When Richard Jones’ double-bill of Ravel’s L’Heure espagnole and Puccini’s Gianni Schicchi premiered in 2007 it was celebrated for its tragi-comic assessment of the themes of lust and greed. In this, its first revival at Covent Garden, a year after economic meltdown, the pairing – and Jones’ presentation – seems all the more delicious.
Most of the original cast have returned for both pieces but a notable change in the L’Heure espagnole line-up comes with the Romanian mezzo Ruxandra Donose who replaces Christine Rice as Conception, the feisty and frustrated female lead who attempts to juggle a string of lovers while her absent-minded husband is off winding the town clocks. Donose has an eye for comic performance, flapping and flirting with great effect, and her voice packs the necessary punch, while Christopher Maltman makes a welcome return as the muscular muleteer Ramiro, his focused baritone providing some necessary weight and focus.
Ravel’s nervy score communicates Concepcion’s emotions well but the composer occasionally seems ill at ease with the humour of the piece, which is heavily supplemented by the slapstick storyline. John Macfarlane’s eye-catching set designs – sickly pink, boudoir kitsch – add to the overall absurdity, and well-judged performances from Yann Beuron (Gonzalve) and Andrew Shore (Don Inigo Gomez) keep the drama just the right side of farce.
Last time audiences were treated to Bryn Terfel as Gianni Schicchi; this time round the casting is no less spoiling with Thomas Allen playing the title role. Allen’s turn as the crooked peasant, here an upstart builder, is perfectly judged and sung with style and authority. Maria Bengtsson fairs well as Lauretta, and her account of the showcase aria, “O mio babbino caro”, was beautifully sung, if checked by a little Swedish reserve, but the most exciting contribution came from Stephen Costello’s Rinuccio. This young American singer made his Royal Opera debut in Linda di Chamounix last month and his resonant, lyrical tenor voice promises great things.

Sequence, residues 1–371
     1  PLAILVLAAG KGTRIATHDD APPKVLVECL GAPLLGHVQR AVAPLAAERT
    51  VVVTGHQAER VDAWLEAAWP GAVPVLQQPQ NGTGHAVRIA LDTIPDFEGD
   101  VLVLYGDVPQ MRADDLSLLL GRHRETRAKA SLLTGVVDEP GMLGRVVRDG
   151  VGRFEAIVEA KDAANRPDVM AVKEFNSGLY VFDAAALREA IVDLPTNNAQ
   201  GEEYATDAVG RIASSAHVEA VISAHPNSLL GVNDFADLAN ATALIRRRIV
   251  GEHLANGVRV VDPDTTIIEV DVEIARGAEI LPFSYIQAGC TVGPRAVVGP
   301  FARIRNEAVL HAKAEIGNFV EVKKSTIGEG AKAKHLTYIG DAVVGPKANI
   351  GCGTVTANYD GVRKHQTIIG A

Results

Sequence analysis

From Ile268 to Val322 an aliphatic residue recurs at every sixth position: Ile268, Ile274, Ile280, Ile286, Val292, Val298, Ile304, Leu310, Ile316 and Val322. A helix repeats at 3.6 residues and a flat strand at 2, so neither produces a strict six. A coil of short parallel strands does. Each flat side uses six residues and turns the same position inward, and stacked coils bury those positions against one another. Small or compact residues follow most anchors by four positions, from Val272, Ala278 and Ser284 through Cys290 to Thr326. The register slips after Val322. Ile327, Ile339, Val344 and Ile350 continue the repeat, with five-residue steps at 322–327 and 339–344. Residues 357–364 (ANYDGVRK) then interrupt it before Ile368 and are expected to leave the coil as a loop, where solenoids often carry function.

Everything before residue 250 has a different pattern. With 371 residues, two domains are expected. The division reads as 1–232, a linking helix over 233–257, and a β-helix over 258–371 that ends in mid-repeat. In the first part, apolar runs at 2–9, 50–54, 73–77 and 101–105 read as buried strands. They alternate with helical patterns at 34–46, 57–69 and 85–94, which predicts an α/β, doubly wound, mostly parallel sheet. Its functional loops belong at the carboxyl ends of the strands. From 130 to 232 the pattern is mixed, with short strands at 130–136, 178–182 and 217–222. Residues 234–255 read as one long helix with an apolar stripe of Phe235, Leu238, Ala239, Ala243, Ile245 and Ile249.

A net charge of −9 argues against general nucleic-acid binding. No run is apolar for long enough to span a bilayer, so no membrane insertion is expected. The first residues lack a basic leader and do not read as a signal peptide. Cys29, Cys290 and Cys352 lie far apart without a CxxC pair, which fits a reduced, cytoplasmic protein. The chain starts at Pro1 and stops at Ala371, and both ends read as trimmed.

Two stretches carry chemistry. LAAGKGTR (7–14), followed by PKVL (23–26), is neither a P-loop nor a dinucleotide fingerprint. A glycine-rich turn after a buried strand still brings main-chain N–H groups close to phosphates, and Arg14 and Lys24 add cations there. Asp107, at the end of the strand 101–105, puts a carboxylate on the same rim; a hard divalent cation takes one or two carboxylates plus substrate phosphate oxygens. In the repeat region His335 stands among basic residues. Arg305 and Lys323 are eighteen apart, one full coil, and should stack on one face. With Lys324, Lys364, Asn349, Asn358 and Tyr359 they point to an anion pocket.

As with the Ravel, action takes place within a single but ingenious set. The chintz wallpaper, leaky ceiling and domestic clutter tell you all you need to know about the context, and each greedy relative of the deceased Buoso Donati is a wonderful character study: slippery without being gargoylish. Gwynne Howell’s bumbling Simone is to be especially noted among an impressive supporting cast.
It might have been tempting to overplay for laughs but Elaine Kidd, the revival director, keeps the drama slick and tightly controlled. And Antonio Pappano’s masterful account of both scores is warm, controlled and engaging.